– Ellen SungI’m deeply grateful for the invention of the pocket tape recorder. It was much harder before they came along. The reason I love working with the tape recorder is because you can leave it on to record the conversation while you are frantically scribbling away in your notebook about all sorts of details other than the sound. What the person you’re talking to is wearing, what are the books on his shelf, what are the paintings on her wall, what are the surroundings, what are the expressions on other people’s faces as the person you’re concentrating on is talking.
When I sense that I have stumbled on something that’s going to be a scene in an article or a book that I’m writing, I just try to become very greedy in terms of gathering all the information in every possible way I can about it. Even by calling up other people who were participants or observers there, asking them what they noticed. Just trying to get everything down.
On the second great ingredient, suspense, my latest tutor in suspense is the novelist Patrick O’Brian. He writes these wonderful, wonderful stories about British naval officers in the Napoleonic Wars. But they are not sea stories, they are literature, and they’re some of the most suspenseful tales ever written. They are always about the three or four clocks ticking in the background having to do with suspense. And that’s really what keeps you reading.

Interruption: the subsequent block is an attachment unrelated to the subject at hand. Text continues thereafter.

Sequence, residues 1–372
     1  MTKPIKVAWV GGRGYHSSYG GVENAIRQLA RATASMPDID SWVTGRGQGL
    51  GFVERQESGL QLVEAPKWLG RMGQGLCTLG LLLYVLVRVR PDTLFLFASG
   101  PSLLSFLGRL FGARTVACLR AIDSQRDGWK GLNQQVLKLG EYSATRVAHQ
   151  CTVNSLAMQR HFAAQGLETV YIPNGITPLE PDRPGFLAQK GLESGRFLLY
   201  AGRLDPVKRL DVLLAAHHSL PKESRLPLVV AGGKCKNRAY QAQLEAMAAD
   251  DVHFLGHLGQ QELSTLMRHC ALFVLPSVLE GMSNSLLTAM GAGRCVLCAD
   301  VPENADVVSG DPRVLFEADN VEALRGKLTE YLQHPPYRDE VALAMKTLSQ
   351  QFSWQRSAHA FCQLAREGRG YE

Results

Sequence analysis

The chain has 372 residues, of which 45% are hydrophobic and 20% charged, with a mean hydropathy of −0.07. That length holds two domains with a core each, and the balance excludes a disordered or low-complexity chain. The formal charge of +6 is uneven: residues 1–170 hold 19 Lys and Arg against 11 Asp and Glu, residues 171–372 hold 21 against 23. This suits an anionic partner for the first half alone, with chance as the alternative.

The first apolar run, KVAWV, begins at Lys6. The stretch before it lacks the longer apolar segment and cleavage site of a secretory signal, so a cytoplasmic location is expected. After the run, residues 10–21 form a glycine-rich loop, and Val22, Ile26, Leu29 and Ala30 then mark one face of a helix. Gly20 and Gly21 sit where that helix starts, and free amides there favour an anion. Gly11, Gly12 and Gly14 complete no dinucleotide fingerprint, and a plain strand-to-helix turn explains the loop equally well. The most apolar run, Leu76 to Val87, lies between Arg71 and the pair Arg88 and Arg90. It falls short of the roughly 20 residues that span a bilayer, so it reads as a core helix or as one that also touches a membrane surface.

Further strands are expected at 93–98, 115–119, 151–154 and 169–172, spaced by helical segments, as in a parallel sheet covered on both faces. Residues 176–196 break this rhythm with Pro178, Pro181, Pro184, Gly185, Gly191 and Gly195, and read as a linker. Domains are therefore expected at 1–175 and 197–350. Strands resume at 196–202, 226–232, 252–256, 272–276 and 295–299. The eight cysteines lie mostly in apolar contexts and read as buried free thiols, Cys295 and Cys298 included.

Now, how do you do this in nonfiction? Especially when it is harder because most of us don’t have romance to work with. We don’t have naval battles and storms at sea to work with, but you’ve got other techniques, and you have to find techniques of generating some sort of suspense in the story, whether it’s a long article or whether it’s a book, because if you don’t, people are not going to read it.
“Deliberately Withholding Information to Create Suspense”
– Adam HochschildI see a couple of different, familiar devices through which one can generate suspense effectively in nonfiction. One is by strategic withholding of information. I’m a great admirer of John McPhee, who I think is really one of the great reporters alive.